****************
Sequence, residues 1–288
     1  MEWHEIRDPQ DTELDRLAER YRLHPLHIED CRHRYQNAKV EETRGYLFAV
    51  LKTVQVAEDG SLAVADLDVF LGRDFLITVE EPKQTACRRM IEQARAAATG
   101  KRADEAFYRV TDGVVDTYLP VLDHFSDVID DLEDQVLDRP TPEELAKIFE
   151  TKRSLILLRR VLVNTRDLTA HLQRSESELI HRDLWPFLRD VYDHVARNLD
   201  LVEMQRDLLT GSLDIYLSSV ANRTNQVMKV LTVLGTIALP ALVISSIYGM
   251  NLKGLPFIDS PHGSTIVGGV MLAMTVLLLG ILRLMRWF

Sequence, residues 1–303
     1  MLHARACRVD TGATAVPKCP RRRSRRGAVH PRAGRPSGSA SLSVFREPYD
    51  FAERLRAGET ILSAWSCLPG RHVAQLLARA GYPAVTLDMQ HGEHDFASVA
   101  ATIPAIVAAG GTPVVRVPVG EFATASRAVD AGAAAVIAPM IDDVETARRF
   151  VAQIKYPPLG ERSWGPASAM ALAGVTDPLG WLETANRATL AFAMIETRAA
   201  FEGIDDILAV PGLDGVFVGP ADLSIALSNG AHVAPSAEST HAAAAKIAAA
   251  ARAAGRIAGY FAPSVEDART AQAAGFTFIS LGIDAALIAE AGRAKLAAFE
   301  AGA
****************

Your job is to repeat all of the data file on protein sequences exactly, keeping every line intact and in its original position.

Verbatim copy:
Sequence, residues 1–288
     1  MEWHEIRDPQ DTELDRLAER YRLHPLHIED CRHRYQNAKV EETRGYLFAV
    51  LKTVQVAEDG SLAVADLDVF LGRDFLITVE EPKQTACRRM IEQARAAATG
   101  KRADEAFYRV TDGVVDTYLP VLDHFSDVID DLEDQVLDRP TPEELAKIFE
   151  TKRSLILLRR VLVNTRDLTA HLQRSESELI HRDLWPFLRD VYDHVARNLD
   201  LVEMQRDLLT GSLDIYLSSV ANRTNQVMKV LTVLGTIALP ALVISSIYGM
   251  NLKGLPFIDS PHGSTIVGGV MLAMTVLLLG ILRLMRWF

Sequence, residues 1–303
     1  MLHARACRVD TGATAVPKCP RRRSRRGAVH PRAGRPSGSA SLSVFREPYD
    51  FAERLRAGET ILSAWSCLPG RHVAQLLARA GYPAVTLDMQ HGEHDFASVA
   101  ATIPAIVAAG GTPVVRVPVG EFATASRAVD AGAAAVIAPM IDDVETARRF
   151  VAQIKYPPLG ERSWGPASAM ALAGVTDPLG WLETANRATL AFAMIETRAA
   201  FEGIDDILAV PGLDGVFVGP ADLSIALSNG AHVAPSAEST HAAAAKIAAA
   251  ARAAGRIAGY FAPSVEDART AQAAGFTFIS LGIDAALIAE AGRAKLAAFE
   301  AGA